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Today's Stichomancy for Chuck Norris

The first excerpt represents the past or something you must release, and is drawn from Pagan and Christian Creeds by Edward Carpenter:

if the quotation be read over again with this interpretation (which I do not say Wordsworth intended) that the 'birth' spoken of is the birth or evolution of the distinctively self- conscious Man from the Animals and the animal-natured, unself-conscious human beings of a preceding age, then the parable unfolds itself perfectly naturally and convincingly. THAT birth certainly was sleep and a forgetting; the grace and intuition and instinctive perfection of the animals was lost. But the forgetfulness was not entire; the memory lingered long of an age of harmony, of an Eden- garden left behind. And trailing clouds of this remembrance


Pagan and Christian Creeds
The second excerpt represents the present or the deciding factor of the moment, and is drawn from Letters of Two Brides by Honore de Balzac:

die an old maid. Love is undoubtedly an incarnation, and how many conditions are needful before it can take place! We are not certain of never quarreling with ourselves, how much less so when there are two? This is a problem which God alone can solve.

I begin to think that I shall return to the convent. If I remain in society, I shall do things which will look like follies, for I cannot possibly reconcile myself to what I see. I am perpetually wounded either in my sense of delicacy, my inner principles, or my secret thoughts.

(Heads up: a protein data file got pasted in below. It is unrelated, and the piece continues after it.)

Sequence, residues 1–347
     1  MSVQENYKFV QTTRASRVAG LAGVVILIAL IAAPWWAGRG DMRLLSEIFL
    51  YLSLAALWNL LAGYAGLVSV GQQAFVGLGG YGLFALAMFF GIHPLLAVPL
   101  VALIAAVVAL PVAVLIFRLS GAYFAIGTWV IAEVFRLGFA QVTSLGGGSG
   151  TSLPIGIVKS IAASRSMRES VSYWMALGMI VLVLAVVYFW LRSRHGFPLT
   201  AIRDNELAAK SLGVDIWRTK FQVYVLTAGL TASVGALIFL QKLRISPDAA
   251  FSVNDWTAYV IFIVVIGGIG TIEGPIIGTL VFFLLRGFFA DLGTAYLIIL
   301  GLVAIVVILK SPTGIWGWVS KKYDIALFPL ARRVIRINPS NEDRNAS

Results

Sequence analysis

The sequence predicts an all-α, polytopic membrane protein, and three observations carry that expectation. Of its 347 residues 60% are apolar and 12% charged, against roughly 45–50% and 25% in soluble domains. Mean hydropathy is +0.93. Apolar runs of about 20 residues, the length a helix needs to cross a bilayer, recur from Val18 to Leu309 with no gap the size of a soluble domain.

Ah! my mother is the happiest of women, adored as she is by Canalis, her great little man. My love, do you know I am seized sometimes with

The third excerpt represents the future or something you must embrace, and is drawn from Tales of Unrest by Joseph Conrad:

rocks. A lane of mud and stones ended at the door. The sea-winds coming ashore on Stonecutter's point, fresh from the fierce turmoil of the waves, howled violently at the unmoved heaps of black boulders holding up steadily short-armed, high crosses against the tremendous rush of the invisible. In the sweep of gales the sheltered dwelling stood in a calm resonant and disquieting, like the calm in the centre of a hurricane. On stormy nights, when the tide was out, the bay of Fougere, fifty feet below the house, resembled an immense black pit, from which ascended mutterings and sighs as if the sands down there had been alive and complaining. At high tide the returning water assaulted the ledges of rock in short rushes, ending in bursts of


Tales of Unrest